• What are the similarities and differences in your team regarding your understanding of what democratic landscape transformation is? The team has diverse perspectives on democratic landscape transformation. All of us were benifiting from earning and experimenting throughout the project. The different understanding have led to explore and refine through their collective experiences. In a diverse team working on democratic landscape transformation, there are both similarities and differences in our understanding of the concept. The team members share a recognition of the importance of democracy, emphasizing the central role of democratic principles and processes in landscape transformation. We also agree on the significance of community engagement, valuing the participation and knowledge of local communities. Additionally, we share a focus on sustainability and resilience, acknowledging the need to address environmental challenges and promote long-term ecological and social well-being. However, differences arise in the interpretation of democracy, with team members emphasizing different aspects such as equitable decision-making or inclusive processes. We may also prioritize different values, such as social justice, equity, sustainability, or cultural heritage preservation, leading to varying emphases within the team. Furthermore, We may have divergent approaches to implementation, with some advocating for top-down policy changes and institutional reforms, while some of us prefer grassroots initiatives and community-led projects. These differences in interpretation, values, and approaches stem from individual experiences, disciplinary backgrounds, and personal philosophies within the diverse team.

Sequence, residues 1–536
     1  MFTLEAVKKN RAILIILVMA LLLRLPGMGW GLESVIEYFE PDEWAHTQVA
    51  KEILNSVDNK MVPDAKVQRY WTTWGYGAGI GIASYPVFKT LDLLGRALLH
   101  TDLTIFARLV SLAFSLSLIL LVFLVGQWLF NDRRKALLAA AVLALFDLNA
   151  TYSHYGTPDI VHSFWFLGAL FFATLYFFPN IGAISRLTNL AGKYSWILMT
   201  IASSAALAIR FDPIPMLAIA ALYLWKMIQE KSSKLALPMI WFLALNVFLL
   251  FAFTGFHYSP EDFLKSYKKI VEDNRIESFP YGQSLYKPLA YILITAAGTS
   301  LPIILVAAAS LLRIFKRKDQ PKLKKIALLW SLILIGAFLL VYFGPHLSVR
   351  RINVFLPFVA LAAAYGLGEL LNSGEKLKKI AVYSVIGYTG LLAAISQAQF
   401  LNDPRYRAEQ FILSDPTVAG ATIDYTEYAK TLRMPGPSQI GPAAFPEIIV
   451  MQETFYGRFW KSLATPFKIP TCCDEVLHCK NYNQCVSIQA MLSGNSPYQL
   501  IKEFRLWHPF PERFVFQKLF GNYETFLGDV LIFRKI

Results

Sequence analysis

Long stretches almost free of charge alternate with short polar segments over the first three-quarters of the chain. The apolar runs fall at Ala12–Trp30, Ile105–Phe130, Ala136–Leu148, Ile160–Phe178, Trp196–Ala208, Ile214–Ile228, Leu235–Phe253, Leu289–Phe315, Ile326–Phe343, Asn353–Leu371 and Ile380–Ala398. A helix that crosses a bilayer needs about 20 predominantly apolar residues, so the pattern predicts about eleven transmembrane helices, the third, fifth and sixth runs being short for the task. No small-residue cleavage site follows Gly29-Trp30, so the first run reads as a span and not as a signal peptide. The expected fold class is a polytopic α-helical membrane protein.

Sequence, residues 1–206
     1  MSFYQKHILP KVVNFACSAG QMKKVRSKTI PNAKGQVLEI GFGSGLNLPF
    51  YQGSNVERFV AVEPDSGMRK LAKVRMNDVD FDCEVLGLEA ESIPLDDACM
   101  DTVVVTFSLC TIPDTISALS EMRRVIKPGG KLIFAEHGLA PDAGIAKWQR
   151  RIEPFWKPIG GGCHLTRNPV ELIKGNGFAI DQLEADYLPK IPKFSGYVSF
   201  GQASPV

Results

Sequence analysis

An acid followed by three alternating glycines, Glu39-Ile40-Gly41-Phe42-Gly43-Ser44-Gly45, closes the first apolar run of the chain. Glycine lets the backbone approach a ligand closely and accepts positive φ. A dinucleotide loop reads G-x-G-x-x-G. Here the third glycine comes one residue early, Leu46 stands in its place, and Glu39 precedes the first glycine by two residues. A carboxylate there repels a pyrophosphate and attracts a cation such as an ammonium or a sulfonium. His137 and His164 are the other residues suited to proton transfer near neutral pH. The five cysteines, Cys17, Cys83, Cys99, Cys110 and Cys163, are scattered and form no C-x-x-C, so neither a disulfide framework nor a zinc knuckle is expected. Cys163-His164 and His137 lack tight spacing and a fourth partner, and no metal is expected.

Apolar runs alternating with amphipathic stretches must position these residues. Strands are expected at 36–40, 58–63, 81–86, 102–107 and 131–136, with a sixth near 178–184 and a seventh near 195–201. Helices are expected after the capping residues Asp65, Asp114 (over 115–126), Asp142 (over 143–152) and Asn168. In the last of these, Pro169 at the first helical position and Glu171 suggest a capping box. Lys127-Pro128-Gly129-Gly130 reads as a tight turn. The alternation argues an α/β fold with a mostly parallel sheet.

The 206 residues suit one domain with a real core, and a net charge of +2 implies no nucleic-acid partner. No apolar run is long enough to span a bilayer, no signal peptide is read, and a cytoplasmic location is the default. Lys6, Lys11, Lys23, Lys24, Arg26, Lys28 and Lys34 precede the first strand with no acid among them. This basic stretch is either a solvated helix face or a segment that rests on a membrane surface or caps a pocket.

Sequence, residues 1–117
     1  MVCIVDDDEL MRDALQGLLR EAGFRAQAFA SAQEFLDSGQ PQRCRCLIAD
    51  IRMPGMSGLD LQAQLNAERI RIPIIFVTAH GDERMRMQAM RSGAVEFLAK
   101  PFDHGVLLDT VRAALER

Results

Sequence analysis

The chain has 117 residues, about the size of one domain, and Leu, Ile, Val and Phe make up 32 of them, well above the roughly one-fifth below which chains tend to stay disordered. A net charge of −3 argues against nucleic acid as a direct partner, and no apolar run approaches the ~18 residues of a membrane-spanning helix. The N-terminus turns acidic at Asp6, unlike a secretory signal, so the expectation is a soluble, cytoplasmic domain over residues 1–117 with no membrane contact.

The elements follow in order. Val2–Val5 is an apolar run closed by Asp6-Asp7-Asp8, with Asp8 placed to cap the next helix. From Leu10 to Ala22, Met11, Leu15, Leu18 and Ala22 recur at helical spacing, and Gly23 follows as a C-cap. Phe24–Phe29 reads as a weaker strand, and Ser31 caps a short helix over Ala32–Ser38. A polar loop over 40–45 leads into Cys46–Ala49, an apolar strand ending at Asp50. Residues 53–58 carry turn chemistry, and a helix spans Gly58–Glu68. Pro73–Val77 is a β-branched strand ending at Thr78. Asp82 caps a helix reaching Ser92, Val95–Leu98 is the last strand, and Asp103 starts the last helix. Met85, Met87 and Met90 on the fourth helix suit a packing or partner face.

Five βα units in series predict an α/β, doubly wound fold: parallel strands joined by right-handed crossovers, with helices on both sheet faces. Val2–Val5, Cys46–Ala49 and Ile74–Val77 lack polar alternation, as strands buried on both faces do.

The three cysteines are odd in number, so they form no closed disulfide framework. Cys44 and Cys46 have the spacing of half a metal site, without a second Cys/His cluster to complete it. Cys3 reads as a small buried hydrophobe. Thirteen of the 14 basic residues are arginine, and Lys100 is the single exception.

• In how far did the seminar lectures and readings help you to clarify this? The seminar lectures and readings have played a significant role in helping our team clarify their understanding of democratic landscape transformation. By engaging with presentations, discussions, and multimedia resources from around the world, the instructors would have had the opportunity to explore different theoretical frameworks, practices, and case studies related to landscape democracy. This exposure to diverse perspectives and knowledge have contributed to a deeper understanding of the concept and its various dimensions.
  • What will you take home from this seminar? We have gained insights into effective techniques for community engagement and participation, learned about different power structures influencing landscape transformations, and expanded our understanding of key principles such as empathy, sustainability, resilience, and justice in the context of landscapes. They have also developed a systems thinking mindset and acquired practical skills like landscape storytelling and mapping, which can be valuable in promoting democratic landscape transformations. Ultimately, the specific takeaways would vary for each member of the team based on our individual interests, prior knowledge, and engagement with the seminar materials.